We’ve found that in almost all demo lessons (especially with new teachers), there is a definite lack of student interest and higher-order thinking, something that, as we mentioned earlier, we expect. The question is, how quickly does the candidate acknowledge this, and to what extent does the candidate, with our help, make her lesson substantially better?

If the teacher is not reflective, by the 20-minute mark of the debrief, it will become apparent. She will be unable or unwilling to accept an accurate picture of the classroom. Or she may see the lack in her lesson but be unable to come up with alternative approaches or activities that would generate better results. If given help in coming up with better ideas for tasks, she will be unable to explain why they are better and will be unsuccessful at fleshing out those ideas into actual directions for students and the teacher.

On the other hand, reflective teachers seem to readily agree with the deconstruction of the lesson at about the 20-minute mark, and the best of them, without prompting, are starting to think about what they could have done differently. These teachers relish the idea of helping to reconstruct the lesson so that it is of much higher quality.

And when the debrief turns the corner at the 20- to 30-minute mark, and during the next two hours the candidate greatly contributes and enjoys a difficult conversation that pushes towards excellence, an inescapably emotional experience has occurred. We believe this emotion is the reason that the vast majority of candidates offered employment at Applied Math and Science choose to accept their offers.

By the end of the four-hour total experience, the candidate has been frustrated, challenged, helped, challenged more, and improved. Not just the lesson, but the candidate’s thinking and understanding of quality and excellence have come into sharper focus. The interview itself, consisting of the demo and debrief, has been a challenging but significant learning experience for the candidate. At this point, we don’t have to tell the candidate what support looks like in our school. They just experienced it.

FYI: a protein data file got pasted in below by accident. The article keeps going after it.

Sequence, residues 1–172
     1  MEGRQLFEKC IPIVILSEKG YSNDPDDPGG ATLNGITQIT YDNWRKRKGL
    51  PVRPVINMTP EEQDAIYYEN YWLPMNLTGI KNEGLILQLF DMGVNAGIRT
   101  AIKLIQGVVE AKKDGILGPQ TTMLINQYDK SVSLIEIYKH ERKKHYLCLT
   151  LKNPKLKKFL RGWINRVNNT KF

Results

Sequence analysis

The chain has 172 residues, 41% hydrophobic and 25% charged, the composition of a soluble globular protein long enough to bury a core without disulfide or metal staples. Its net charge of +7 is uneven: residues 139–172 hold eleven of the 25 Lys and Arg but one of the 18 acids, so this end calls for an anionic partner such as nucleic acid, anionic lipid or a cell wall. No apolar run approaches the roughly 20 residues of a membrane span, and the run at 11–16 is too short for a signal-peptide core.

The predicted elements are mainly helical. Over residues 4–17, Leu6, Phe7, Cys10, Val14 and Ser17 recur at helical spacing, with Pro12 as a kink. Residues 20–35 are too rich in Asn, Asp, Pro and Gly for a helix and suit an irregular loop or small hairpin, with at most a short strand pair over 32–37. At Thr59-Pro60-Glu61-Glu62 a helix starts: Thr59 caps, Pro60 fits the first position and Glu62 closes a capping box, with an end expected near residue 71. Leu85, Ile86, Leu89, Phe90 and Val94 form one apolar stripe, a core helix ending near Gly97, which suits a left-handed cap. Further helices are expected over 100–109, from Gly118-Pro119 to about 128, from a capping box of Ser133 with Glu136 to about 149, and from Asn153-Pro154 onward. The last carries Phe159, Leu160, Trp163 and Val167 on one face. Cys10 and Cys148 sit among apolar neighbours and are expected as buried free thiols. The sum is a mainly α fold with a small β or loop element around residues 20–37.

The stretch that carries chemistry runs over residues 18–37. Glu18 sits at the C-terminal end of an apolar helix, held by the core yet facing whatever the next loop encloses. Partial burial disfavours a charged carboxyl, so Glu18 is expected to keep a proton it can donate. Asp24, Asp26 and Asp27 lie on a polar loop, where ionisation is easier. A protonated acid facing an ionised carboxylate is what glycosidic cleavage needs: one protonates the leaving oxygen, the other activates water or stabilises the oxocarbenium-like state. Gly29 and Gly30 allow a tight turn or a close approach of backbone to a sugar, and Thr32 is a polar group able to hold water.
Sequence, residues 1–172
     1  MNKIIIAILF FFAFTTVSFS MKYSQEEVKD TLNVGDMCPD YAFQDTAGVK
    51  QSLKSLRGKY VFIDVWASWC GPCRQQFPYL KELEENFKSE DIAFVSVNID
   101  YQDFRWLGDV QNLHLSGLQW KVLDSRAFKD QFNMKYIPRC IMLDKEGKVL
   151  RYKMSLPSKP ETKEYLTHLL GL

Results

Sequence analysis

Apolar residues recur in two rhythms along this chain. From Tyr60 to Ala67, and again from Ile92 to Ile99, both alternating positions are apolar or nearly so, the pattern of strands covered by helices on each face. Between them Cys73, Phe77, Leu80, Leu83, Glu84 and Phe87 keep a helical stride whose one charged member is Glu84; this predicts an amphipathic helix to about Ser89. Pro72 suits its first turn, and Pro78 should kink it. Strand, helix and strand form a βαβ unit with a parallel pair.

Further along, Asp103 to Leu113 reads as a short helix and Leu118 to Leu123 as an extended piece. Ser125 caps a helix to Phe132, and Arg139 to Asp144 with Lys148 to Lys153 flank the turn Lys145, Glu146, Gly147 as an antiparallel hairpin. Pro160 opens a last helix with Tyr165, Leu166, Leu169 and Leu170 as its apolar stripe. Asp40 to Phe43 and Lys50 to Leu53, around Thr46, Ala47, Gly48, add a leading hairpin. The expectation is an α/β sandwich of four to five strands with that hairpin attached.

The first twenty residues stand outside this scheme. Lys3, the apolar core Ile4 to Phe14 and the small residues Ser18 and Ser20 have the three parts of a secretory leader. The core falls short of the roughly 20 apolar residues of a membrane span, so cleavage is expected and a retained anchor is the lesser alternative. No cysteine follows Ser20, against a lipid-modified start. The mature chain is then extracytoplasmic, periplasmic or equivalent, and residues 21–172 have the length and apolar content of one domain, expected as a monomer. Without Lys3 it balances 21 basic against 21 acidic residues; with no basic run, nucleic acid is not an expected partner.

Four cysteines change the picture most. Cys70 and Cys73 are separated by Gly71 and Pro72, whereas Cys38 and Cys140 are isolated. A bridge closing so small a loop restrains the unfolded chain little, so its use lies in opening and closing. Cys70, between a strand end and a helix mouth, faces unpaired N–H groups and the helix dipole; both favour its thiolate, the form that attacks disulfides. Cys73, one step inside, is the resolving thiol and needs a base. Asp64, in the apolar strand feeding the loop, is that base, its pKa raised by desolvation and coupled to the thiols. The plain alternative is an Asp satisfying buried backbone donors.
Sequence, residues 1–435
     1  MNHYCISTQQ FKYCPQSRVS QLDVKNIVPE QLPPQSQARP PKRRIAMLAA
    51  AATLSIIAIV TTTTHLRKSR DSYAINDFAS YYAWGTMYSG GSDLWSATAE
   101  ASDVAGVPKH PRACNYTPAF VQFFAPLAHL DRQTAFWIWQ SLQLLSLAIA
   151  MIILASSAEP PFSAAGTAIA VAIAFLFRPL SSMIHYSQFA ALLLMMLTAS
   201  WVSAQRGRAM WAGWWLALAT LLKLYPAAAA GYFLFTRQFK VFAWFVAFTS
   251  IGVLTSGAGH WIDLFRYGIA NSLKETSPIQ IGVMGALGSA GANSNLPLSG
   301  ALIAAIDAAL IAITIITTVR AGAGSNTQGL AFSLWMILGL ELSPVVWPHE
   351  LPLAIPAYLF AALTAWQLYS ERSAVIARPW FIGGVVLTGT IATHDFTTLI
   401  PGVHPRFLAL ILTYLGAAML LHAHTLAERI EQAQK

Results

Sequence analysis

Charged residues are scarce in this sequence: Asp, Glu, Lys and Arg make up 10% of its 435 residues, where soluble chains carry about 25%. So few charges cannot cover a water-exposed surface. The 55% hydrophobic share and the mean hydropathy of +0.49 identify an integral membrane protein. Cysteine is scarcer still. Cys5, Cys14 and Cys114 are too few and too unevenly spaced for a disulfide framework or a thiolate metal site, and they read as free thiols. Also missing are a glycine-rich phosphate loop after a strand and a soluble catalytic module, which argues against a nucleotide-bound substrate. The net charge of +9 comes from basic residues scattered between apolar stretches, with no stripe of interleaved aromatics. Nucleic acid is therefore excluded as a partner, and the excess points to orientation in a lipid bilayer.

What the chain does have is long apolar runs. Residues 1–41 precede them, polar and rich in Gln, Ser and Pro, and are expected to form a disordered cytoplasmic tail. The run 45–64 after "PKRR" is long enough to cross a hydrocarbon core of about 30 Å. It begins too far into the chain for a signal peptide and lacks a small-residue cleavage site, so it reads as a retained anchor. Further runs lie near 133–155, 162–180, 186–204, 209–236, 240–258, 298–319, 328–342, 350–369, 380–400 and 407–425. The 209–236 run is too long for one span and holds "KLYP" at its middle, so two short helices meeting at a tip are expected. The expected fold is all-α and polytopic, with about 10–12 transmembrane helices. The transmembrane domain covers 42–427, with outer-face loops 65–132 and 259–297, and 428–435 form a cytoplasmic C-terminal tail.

Adapted from The Artisan Teaching Model for Instructional Leadership: Working Together to Transform Your School, by Kenneth Baum and David Krulwich, Alexandria, VA: ASCD. © 2016 by ASCD. All rights reserved.

First Person

I mentor students demoralized about not having a vote. Here’s their plan for getting civically involved before turning 18

Students in the Minds Matter program.

Every Monday night during the school year, I spend time with two wonderful young women. They’re high-achieving high school sophomores from low-income families whose success would be certain if they grew up in a more affluent ZIP code.

Along with a team of other mentors, I help the students improve their writing and communication skills to help them prepare for a successful college career. That’s what I’m prepared to do.

I was less prepared for what they brought to our meeting last week, the first time we met under the tenure of a new president. They talked about feeling the consequences of the national political shift, though at 15, they knew it would be years before they could cast a ballot of their own. “We feel left out of a system that affects us too,” they said.

So our task that night became to expand our ideas about what participation in the American political system really means.

Here are five ideas we came up with, designed to help high schoolers do just that.